26 Nov. 45

Affairs, Freiherr Von Neurath; Oberst Hossbach" (the adjutant who took the minutes).

"The Führer stated initially that the subject matter of today's conference was of such high importance that its detailed discussion would certainly in other states take place before the Cabinet in full session. However, he, the Führer, had decided not to discuss this matter in the larger circle of the Reich Cabinet, because of its importance. His subsequent statements were the result of detailed deliberations and of the experiences of his 4 1/2 years in government; he desired to explain to those present his fundamental ideas on the possibilities and necessities of expanding our foreign policy, and in the interests of a far-sighted policy he requested that his statements be looked upon, in the case of his death, as his last will and testament.

"The Führer then stated The aim of German policy is the security and the preservation of the nation and its propagation.` This is consequently a problem of space. The Germannation comprises 85 million people, which, because of the number of individuals and the compactness of habitation, form a homogeneous European racial body, the like of which cannot be found in any other country. On the other hand it justifies the demand for larger living space more than for any other nation. If there have been no political consequences to meet the demands of this racial body for living space, then that is the result of historical development spread over several centuries and should this political condition continue to exist, it will represent the greatest danger to the preservation of the German nation"-The German word used there, is not "nation"; it is "Volkstum"-"at its present high level. An arrest of the decrease of the German element in Austria and in Czechoslovakia is just as little possible as the preservation of the present state in Germany itself."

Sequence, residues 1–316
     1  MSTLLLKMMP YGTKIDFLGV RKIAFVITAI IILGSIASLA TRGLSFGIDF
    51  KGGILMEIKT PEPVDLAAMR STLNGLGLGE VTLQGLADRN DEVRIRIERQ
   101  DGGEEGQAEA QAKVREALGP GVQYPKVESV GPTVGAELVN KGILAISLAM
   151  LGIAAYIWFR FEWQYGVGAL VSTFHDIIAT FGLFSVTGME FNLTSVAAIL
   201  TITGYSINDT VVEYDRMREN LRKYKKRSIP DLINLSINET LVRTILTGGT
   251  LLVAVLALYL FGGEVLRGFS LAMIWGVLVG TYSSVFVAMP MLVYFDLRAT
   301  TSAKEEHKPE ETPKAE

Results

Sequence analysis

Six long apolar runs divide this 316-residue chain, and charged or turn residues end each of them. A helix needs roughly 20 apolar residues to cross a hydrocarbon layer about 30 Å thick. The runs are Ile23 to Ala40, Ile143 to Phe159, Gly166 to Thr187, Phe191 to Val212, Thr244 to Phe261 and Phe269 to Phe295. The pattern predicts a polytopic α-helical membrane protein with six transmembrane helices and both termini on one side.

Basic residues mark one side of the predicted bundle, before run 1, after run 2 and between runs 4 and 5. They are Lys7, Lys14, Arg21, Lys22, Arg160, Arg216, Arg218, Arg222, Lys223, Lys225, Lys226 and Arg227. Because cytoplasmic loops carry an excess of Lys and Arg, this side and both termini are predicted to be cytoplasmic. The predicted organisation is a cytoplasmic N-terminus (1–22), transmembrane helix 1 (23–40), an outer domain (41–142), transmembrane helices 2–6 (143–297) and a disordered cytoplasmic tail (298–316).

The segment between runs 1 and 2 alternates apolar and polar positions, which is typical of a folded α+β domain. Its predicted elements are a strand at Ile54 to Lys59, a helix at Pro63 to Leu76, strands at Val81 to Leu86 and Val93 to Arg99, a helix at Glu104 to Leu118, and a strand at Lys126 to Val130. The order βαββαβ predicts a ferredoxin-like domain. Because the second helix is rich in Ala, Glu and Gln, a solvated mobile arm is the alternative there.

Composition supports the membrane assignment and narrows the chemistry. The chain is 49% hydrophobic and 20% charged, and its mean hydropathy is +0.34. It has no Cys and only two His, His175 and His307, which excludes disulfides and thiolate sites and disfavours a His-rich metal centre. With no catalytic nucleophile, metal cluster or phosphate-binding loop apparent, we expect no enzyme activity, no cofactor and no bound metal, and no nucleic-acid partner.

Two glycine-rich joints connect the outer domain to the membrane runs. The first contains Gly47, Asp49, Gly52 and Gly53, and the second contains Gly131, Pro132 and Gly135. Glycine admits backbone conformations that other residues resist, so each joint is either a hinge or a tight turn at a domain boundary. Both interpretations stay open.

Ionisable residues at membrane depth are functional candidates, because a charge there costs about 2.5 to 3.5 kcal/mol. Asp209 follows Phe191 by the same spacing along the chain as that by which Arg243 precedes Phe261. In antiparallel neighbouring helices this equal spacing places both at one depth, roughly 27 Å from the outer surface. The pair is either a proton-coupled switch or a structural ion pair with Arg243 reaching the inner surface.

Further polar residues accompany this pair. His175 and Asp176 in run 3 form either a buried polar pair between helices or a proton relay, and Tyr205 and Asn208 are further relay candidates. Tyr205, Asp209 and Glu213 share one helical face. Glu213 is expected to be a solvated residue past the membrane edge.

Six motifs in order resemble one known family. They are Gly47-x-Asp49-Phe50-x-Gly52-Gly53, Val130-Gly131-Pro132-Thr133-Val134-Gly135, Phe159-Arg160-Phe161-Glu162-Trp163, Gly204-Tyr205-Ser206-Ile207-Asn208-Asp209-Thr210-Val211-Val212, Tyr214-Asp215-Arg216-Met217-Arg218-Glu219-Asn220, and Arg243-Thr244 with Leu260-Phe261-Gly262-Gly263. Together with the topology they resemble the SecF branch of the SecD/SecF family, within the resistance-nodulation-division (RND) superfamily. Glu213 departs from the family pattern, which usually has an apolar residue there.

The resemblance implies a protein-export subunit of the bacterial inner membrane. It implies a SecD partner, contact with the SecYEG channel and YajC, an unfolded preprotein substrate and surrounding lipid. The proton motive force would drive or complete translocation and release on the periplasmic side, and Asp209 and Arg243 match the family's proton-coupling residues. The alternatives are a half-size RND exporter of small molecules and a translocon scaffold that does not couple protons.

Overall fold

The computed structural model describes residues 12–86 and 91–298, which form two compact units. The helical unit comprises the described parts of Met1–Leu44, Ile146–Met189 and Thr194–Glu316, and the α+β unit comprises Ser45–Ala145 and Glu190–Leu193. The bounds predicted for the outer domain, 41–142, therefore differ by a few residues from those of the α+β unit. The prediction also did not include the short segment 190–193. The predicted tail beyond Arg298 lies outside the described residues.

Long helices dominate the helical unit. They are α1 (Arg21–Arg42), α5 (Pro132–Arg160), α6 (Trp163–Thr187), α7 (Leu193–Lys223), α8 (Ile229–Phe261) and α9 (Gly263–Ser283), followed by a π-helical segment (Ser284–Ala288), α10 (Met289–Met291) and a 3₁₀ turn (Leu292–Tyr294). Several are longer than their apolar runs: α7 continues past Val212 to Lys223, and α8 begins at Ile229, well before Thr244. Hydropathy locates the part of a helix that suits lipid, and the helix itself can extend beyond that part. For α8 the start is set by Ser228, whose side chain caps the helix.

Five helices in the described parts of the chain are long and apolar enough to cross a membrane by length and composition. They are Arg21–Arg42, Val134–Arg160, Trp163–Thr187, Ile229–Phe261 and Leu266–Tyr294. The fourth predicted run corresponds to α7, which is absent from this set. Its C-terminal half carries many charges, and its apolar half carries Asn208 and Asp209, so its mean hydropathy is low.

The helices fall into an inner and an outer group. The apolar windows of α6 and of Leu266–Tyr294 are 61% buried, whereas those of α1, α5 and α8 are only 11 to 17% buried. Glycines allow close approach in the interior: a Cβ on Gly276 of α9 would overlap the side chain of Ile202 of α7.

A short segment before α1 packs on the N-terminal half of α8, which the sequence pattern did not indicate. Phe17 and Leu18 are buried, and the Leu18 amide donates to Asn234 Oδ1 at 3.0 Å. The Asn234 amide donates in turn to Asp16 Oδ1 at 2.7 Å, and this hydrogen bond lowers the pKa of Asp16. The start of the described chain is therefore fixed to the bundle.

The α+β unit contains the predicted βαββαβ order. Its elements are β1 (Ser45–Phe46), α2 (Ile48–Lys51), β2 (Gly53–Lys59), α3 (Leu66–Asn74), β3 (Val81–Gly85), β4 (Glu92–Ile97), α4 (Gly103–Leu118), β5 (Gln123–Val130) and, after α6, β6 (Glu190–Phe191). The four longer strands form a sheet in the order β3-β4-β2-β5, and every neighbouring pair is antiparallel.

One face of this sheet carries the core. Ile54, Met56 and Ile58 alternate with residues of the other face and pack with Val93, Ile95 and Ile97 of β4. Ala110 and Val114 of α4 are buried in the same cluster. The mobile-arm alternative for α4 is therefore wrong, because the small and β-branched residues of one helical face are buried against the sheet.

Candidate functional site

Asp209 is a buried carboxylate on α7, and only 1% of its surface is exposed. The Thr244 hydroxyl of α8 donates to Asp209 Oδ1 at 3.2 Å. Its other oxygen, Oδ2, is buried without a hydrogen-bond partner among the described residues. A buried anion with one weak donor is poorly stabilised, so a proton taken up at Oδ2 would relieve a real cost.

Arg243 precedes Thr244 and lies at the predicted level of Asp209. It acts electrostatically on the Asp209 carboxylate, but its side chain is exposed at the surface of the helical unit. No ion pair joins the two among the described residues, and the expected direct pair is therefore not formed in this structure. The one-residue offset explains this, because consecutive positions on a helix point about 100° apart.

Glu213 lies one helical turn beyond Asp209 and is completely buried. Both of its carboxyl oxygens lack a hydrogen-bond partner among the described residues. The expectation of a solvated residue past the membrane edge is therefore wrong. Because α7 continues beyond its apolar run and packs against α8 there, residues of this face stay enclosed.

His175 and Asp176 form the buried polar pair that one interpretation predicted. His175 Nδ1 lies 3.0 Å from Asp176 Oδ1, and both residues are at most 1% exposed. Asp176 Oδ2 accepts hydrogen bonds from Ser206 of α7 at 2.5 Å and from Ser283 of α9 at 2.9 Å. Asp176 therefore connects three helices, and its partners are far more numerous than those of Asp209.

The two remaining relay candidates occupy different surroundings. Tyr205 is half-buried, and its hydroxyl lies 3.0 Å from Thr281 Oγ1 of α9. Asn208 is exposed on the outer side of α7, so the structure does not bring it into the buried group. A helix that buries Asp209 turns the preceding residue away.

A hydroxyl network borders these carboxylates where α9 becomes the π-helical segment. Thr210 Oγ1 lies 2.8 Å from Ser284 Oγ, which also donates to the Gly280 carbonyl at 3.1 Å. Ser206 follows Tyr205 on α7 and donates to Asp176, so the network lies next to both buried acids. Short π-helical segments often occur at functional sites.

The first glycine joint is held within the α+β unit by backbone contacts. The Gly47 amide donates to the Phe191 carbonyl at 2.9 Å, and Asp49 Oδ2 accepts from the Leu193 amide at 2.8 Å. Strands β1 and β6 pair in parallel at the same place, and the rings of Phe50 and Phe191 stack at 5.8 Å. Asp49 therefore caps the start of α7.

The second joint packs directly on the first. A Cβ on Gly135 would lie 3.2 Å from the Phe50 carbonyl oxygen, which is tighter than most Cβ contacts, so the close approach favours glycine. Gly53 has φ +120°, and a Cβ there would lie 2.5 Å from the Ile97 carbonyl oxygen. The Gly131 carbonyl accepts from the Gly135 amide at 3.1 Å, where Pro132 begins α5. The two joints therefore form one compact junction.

I interpolate that I can but think that this is not a good translation of the German because to me the sentence seems meaningless.

"Instead of growth, sterility will be introduced, and as a consequence, tensions of a social nature will appear after a number of years, because political and philosophical ideas are of a permanent nature only as long as they are able to produce the basis for the realization of the actual claim of the existence of a nation. The German future is therefore dependent exclusively on the solution of the need for living space. Such a solution can be sought naturally only for a limited period, about one to three generations.